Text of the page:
With plans to spin off three major divisions this year, Medtronic CEO Geoff Martha said he’s taking his foot off the gas. The Dublin and Minneapolis-based medical device firm, the world’s largest by revenue, has announced the divestiture of its dialysis business into a new firm with DaVita, and a plan to turn its respiratory interventions and patient monitoring firms into a separate, connected care business.
“That's a lot. That totals 8% percent of our revenue and there are some operational entanglements we've got to undo,” Martha said at the J.P. Morgan Health Conference on Monday. “Over the near term, from a divestiture standpoint, I wouldn't count on others. However, that being said, the portfolio review [is] ongoing.”
Martha said the company plans to invest more money into segments with high growth and high-return opportunities. Those include structural heart, neurovascular, cardiac ablation solutions, surgical robotics and diabetes, despite rumors that Medtronic might look to divest the latter.
“We continue to evaluate it, but we like how this portfolio shaping up,” Martha said. “And this is what gives us the confidence in our ability to deliver durable growth over the long term.”
Medtronic still faces a warning letter related to its handling of a recall of the MiniMed 600 series insulin pumps. Martha said the company has met all of the requirements for the warning letter, but does not know when the FDA might lift it, which would be needed for the firm to secure approval for the new MiniMed 780G insulin pump.
“From a long-term perspective, I’m excited about our diabetes products in the U.S.,” Martha said, noting the segment’s growth in Europe and the market interest in automated insulin delivery.
Martha also said he was excited about Medtronic’s launch of its Hugo robotic-assisted surgery system, which has a CE Mark in Europe but is still an investigational product in the U.S.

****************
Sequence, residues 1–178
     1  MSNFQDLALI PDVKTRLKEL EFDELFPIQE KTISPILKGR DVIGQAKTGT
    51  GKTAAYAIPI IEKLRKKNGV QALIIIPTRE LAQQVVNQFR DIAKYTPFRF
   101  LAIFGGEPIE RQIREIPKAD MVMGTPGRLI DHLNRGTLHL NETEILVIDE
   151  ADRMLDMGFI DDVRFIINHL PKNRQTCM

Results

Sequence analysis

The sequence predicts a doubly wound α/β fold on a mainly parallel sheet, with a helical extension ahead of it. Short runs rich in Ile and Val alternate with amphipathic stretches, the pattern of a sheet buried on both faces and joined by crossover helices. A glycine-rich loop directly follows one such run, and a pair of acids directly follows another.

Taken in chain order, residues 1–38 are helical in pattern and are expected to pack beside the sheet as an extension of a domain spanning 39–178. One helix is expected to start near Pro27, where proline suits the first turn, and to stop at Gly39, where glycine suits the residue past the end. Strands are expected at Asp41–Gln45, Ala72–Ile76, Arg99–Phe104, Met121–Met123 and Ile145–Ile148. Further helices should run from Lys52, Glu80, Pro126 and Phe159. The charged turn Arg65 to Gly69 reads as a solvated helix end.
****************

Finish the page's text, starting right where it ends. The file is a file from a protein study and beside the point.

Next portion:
“I know there's a lot of skepticism out there because it took us so long to get this product out there and other competitors have struggled to get a competitive system out there against the DaVinci,” Martha said. “But we're getting really good feedback, and I think we have something to build from here.”
Most of the medical device markets have returned to normal, except for some more elective surgeries, such as transcatheter aortic valve replacement, percutaneous coronary intervention, and spinal cord stimulation, he said.
“Most of those are unchanged so far, except coronary has gotten slightly better in the last couple of weeks. We're kind of scratching our head as to what happened, why it was slower, but it is coming back,” Martha said.
The company is also watching China, both for rising COVID-19 cases and the country’s shift to a value-based procurement system. From a COVID perspective, Martha said the virus has moved through the company “unbelievably quickly,” but that the supply chain hasn’t had any problems yet.
On this shift to value-based purchasing, Martha said Medtronic had gone through the process with its coronary stents and spine business, and expects to have done so with half of the company’s revenue through the end of fiscal year 2023, reaching 80% by fiscal year 2024, “giving us a new, albeit lower revenue base to grow from going forward.”